Ideas with Impact
UNB Faculty of Management

Celebrating business professor's discovery journey

Author: Ideas with Impact

Posted on Jan 4, 2017

Category: Faculty

When he was a child growing up in the Netherlands, Dr. Martin Wielemaker was always making things at home. He was intrigued by new technologies and products, he says, which probably explains why he studied Industrial Design Engineering when he grew up, and then later completed a PhD in Strategic Dr. Martin Wielemaker received UNB’s 2016 Teaching Innovation Award. Initiatives. Wielemaker now teaches courses in strategy, entrepreneurship, managing innovation and data visualization in the faculty of business administration at the University of New Brunswick Fredericton campus. Just recently he was awarded UNB’s Teaching Innovation Award.

“What attracts me to academia and to teaching in particular, is that I love discovery.” And the kinds of courses he teaches, he explains, are all about the discovery of new products, new markets, new insights and new strategies. “Curiosity is in all of us, almost everyone is fascinated by new things. What we as instructors enjoy about teaching is that we get to partake and facilitate the students’ discovery journeys.”

Wielemaker follows a design approach to teaching by facilitating problem based learning, which takes students out of the building to solve real problems for actual stakeholders like local businesses and startups. “Understanding the challenges faced by businesses, figuring out how to integrate and apply their theoretical knowledge, overcoming hurdles and coming up with a solution provides students with a sense of accomplishment. Yet, all the while they have been on a discovery journey, a trajectory of learning that results in great things.”

To make this type of learning possible, Wielemaker flips his classrooms. He posts his assigned readings and video lectures on the course website for students to read and watch before they come to class; then during class time they focus on applying the knowledge to solve real problems. In addition to problem solving, the students work in teams. Drawing from his experience as an industrial designer, however, Wielemaker has his students work individually first before they can share their insights with their team. “This way, we avoid group think; everyone has an opinion, and each person’s opinion is of value and worthy of sharing. In the design world it is important to tap into everyone’s viewpoints.”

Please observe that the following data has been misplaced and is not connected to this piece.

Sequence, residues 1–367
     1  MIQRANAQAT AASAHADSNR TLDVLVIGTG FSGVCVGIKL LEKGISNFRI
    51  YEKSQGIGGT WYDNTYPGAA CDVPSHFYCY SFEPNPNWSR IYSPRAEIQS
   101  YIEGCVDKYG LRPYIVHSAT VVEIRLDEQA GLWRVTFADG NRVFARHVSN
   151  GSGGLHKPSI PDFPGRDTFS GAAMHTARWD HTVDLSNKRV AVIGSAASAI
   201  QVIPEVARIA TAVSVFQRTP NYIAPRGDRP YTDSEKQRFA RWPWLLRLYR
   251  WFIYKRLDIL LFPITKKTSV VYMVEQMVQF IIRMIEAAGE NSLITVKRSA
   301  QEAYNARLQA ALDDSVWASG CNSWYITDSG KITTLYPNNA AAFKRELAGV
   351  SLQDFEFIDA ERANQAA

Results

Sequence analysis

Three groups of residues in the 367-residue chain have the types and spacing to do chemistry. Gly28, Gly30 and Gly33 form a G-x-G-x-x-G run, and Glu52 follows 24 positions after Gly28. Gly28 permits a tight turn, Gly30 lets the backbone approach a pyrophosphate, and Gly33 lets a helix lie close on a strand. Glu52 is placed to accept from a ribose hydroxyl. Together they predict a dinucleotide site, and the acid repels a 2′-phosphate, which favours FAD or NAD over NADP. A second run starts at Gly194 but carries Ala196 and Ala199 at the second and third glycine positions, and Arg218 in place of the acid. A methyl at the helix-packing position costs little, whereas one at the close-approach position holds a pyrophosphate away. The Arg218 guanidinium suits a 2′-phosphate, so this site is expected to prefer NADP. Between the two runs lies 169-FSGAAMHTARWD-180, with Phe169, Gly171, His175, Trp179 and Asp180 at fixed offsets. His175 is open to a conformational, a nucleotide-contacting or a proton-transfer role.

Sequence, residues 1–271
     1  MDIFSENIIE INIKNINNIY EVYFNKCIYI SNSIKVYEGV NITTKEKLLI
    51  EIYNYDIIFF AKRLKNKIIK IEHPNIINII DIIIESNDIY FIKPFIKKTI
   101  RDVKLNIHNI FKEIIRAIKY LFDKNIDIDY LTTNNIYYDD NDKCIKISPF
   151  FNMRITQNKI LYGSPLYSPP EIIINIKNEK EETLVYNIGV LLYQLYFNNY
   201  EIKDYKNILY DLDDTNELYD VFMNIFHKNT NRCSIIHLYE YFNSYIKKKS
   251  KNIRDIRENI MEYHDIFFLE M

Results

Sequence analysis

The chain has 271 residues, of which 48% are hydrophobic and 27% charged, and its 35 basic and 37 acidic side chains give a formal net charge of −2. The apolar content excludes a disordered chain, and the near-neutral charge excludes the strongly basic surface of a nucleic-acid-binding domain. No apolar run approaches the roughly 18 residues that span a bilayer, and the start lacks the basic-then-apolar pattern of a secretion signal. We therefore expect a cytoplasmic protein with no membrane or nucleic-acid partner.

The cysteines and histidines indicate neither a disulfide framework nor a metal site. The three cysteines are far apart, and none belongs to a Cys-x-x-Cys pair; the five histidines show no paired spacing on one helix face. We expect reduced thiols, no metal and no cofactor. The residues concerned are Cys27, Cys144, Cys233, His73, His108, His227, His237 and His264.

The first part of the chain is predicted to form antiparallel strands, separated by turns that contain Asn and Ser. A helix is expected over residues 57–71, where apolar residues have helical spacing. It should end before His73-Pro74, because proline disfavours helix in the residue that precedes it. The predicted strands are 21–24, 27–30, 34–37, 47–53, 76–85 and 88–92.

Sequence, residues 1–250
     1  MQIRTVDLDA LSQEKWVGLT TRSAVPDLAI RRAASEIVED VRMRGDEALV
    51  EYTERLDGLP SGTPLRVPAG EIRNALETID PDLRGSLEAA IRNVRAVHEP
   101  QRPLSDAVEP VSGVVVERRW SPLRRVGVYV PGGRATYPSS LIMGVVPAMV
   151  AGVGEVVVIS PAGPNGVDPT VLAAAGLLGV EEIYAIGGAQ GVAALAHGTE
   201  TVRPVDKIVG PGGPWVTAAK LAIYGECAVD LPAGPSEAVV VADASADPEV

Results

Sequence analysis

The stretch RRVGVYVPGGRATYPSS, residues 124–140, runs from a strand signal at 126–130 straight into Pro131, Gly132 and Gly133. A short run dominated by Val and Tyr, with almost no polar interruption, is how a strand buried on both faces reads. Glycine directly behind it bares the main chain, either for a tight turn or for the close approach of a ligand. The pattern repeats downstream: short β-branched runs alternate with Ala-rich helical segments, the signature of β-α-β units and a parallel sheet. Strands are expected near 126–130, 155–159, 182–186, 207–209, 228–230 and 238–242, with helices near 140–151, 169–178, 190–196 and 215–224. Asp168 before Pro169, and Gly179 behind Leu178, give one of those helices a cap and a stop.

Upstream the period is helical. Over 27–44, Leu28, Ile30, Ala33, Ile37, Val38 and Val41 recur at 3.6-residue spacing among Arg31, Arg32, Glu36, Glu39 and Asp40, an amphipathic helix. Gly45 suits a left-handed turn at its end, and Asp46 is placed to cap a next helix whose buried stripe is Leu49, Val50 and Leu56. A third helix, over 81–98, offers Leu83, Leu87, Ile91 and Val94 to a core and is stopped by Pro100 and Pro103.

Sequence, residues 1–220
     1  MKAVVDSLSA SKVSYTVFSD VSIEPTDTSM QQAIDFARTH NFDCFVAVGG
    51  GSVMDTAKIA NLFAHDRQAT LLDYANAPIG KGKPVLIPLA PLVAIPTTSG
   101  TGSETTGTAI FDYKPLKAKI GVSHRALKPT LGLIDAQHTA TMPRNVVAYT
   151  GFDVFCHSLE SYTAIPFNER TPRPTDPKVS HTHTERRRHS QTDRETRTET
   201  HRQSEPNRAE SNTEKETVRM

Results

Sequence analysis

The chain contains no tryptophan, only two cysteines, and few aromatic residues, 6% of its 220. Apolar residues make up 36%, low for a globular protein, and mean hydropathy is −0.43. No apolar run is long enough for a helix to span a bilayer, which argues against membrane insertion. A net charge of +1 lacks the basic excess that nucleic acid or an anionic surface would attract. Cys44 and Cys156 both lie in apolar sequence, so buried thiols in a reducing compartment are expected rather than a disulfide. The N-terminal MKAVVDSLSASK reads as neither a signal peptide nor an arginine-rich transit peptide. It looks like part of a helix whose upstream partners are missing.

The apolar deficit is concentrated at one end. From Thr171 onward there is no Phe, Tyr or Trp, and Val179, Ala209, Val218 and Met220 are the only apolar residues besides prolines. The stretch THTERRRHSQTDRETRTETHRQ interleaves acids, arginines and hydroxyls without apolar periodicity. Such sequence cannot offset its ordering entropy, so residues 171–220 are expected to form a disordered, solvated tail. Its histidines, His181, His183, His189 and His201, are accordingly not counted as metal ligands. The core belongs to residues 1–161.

Another technique he uses that is inspired by his design background, is rather than having teams present solutions to the class, they are split up and grouped with members of other teams. “The students share and obtain feedback on their team’s idea and then when they get back into their own teams, they all have valuable information to contribute. Often they learn more in this way, than when I as an instructor would just hold a plenary session.”

Wielemaker has been innovating in UNB’s classrooms since he started teaching here in 2002, and there are tangible artifacts of his innovations across the campus and city of Fredericton. Pitch competitions and business plan competitions were built into the first entrepreneurship classes he taught. Today, several faculties and departments across campus hold regular pitch competitions for students to promote their great ideas. The business plan competition has grown to become the largest competition of its kind in Eastern Canada and has attracted support from one of Canada’s oldest financial institutions. The BMO Financial Group Business Plan competition is now coordinated by the faculty’s International Business and Entrepreneurship Centre (IBEC), and attracts students from across Canada.

Last spring, Wielemaker introduced a new course, Infographics and Data Visualization, that ended with a Data Vis Competition, during which students analyzed open data provided by the City of Fredericton to create insightful data visualizations. This competition was replicated in November 2016 with the Open Data Visualization Challenge, a component of the 2016 GovMaker Conference hosted by the New Brunswick Social Policy Research Network. The competition was open to all students at UNB, and once again the City of Fredericton along with other NB cities provided open data for the contestants to work with.

UNB established the Teaching Innovation Award in 2015 to celebrate and recognize up to two educators each year for their innovative approaches that promote student-centred teaching and learning.

“Martin Wielemaker is certainly an innovator in the classroom,” said Dr. Devashis Mitra, Dean of the faculty of business administration. “He has had a real impact on UNB’s learning community and is truly deserving of this recognition.”

For more information, contact Liz Lemon-Mitchell.

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